What every investor wants.

What every investor wants.

I was recently asked to speak at a conference hosted by one of the largest financial publishers in the industry.  There were no restraints placed on me….I could talk about anything within my area of expertise.

I mulled multiple possibilities.  Since I didn’t know beforehand the level of audience sophistication, I knew I should try to keep the presentation fairly basic.

The challenge then became, how in twenty-five minutes can I share everything an investor needs to know about rules-based investing?

And more importantly, why should they care?  And why should you care?

As I was preparing my notes and outline, one benefit seemed to stand out more than others.


It was the single word on my second slide.

For me at least, one reason we use models is that it creates a certain degree of predictability. (I will discuss mathematical expectancy in greater detail in a future post)

I think that one reason that people don’t invest who should, is because of the uncertainty that often surrounds investing and the emotional angst caused by the uncertainty.

There are two types of data.  That which is known, i.e. the past; and that which is unknown, i.e. the future.  Everything else is just noise.

None of us are diviners of the future.  Thus all future market data is unknown.  (Which is why “forecasts” are worthless despite investor fascination and interest in them)

Traditional investing advice such an indexing and buy and hope have you accepting the market’s future returns regardless of the outcome.

It’s random.

And it is highly unpredictable.

And psychologically, deep down, there is something unsettling about this.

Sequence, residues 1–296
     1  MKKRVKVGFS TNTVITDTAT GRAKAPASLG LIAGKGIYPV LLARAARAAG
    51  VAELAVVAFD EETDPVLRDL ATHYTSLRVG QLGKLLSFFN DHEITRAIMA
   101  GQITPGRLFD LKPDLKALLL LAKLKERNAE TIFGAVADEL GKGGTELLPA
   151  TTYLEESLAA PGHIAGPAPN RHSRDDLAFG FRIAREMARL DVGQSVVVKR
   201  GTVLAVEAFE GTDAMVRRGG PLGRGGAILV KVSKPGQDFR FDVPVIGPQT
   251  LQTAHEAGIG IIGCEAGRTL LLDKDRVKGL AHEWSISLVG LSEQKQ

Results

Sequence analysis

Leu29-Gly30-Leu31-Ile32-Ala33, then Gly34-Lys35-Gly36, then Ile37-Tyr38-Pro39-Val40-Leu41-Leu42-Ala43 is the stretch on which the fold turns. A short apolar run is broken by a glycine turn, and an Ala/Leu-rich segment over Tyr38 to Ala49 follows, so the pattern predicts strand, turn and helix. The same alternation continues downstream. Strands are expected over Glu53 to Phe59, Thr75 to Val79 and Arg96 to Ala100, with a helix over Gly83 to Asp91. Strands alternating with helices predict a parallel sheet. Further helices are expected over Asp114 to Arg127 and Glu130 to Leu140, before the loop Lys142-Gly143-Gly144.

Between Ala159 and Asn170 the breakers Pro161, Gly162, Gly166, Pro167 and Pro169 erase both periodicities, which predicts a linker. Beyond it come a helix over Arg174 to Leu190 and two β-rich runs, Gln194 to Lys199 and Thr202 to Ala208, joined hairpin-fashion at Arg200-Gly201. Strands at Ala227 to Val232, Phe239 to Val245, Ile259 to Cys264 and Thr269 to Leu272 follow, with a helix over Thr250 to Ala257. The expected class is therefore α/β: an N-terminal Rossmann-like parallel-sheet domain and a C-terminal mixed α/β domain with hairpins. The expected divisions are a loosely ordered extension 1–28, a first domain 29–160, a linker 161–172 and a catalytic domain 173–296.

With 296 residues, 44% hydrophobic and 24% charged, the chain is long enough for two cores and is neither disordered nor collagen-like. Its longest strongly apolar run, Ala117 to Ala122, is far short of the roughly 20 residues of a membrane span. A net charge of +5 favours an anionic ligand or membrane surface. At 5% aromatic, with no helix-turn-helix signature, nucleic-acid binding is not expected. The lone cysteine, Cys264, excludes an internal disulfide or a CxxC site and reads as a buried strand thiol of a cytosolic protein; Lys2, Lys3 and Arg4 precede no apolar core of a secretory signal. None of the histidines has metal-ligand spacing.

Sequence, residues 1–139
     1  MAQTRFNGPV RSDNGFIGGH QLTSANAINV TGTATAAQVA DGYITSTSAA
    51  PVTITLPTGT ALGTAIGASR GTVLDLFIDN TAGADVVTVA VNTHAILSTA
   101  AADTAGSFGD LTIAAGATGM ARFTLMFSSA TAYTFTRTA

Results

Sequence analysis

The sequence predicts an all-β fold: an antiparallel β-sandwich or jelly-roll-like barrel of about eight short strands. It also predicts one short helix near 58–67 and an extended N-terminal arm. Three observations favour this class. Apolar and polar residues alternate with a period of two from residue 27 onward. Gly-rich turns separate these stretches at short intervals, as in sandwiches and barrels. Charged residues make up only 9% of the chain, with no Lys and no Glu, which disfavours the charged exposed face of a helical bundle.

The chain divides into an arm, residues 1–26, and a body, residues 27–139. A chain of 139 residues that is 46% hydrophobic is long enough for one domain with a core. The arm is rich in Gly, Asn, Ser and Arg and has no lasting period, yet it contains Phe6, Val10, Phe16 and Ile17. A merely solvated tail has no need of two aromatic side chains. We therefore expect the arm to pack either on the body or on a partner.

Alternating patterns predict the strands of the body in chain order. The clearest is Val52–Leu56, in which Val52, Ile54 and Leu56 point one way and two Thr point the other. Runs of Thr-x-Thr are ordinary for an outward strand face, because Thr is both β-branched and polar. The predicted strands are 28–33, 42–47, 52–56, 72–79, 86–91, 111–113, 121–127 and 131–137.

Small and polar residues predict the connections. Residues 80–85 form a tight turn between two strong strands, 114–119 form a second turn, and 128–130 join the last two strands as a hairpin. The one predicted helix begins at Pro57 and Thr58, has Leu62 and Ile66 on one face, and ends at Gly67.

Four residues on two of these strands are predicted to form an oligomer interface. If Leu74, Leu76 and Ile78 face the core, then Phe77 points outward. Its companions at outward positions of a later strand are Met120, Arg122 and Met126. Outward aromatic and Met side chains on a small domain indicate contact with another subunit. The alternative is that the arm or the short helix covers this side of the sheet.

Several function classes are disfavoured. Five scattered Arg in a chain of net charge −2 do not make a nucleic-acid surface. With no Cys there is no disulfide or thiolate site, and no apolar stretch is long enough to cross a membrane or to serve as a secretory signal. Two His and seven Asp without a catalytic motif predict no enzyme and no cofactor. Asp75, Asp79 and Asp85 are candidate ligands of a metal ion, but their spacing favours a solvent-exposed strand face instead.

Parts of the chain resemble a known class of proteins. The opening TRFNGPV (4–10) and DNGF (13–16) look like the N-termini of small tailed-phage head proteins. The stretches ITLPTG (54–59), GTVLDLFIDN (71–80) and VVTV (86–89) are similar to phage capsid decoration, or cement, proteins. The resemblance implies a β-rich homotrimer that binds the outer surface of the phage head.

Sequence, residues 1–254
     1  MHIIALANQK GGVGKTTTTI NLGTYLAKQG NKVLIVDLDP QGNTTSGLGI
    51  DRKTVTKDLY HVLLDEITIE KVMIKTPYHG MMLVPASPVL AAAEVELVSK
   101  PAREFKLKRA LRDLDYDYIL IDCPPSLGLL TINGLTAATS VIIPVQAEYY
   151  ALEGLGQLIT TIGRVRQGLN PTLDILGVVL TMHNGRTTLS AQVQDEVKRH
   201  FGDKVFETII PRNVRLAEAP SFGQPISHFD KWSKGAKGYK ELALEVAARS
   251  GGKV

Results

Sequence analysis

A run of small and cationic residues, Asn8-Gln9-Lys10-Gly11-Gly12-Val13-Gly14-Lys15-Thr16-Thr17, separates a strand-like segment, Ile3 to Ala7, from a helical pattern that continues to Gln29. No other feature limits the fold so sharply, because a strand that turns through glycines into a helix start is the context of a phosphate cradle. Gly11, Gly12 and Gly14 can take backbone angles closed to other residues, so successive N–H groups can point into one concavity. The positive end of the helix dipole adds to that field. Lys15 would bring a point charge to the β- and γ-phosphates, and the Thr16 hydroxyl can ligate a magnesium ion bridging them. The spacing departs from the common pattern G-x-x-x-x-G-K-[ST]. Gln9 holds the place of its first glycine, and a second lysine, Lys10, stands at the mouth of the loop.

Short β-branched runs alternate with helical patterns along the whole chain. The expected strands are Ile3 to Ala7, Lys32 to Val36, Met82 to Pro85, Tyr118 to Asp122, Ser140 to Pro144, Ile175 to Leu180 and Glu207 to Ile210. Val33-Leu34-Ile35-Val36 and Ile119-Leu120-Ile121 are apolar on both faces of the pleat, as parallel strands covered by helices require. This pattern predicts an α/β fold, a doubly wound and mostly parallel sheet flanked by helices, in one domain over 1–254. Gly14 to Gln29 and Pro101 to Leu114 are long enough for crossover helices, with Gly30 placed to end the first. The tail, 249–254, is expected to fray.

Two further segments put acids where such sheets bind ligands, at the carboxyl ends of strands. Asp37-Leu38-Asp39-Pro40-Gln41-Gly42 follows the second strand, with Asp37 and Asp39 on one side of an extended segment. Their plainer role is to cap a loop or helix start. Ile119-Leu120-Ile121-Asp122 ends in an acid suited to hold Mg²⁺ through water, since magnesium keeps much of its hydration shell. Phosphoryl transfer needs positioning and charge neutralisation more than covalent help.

What if, we placed our focus on strategy.  On process.   After all, that is the only thing we can control.

What if our process managed our major concerns? Meaning…it had the ability to always adapt to the best opportunities at any given time.    And if the “best opportunity” at the time was to be defensively positioned on bonds or cash, so be it.

In essence, we manage the unpredictable stream of future market data with a clearly defined, tested, researched, and predictable process.

How many investors have watched this market from the sidelines waiting for a pullback for better entry?   Thinking all along that “it was too high”.

If however, investors knew that it did not matter…that the investment strategy would protect them should the need arise…then investors could and should invest anytime capital is available.

Unfortunately, many investors approach investing as an all or nothing proposition that is rigid.  And this is where the internal psychological battle begins.   Questions like” what if I’m wrong” or “what if the market declines” and “what if this is a mistake?” take command.  And the result is often paralysis that results in inaction.

Markets adapt and change.  Why shouldn’t your portfolio be allowed to do the same?

Strategic allocation approaches, indexing, and buy and hope do not adequately address the element of predictability.  Consider the following table of historical returns for the market.  Notice that even in 20 year periods of time that the range of returns is from 1.9% to17.9% for the S&P 500.

Does that seem predictable?

And it’s worse the shorter your time frame.

The financial industry is always quick to say that every 20 year period in the market has been positive.  True.  But what it doesn’t mention is the possibility that half of the returns will be below the 20-year average return of 10.1%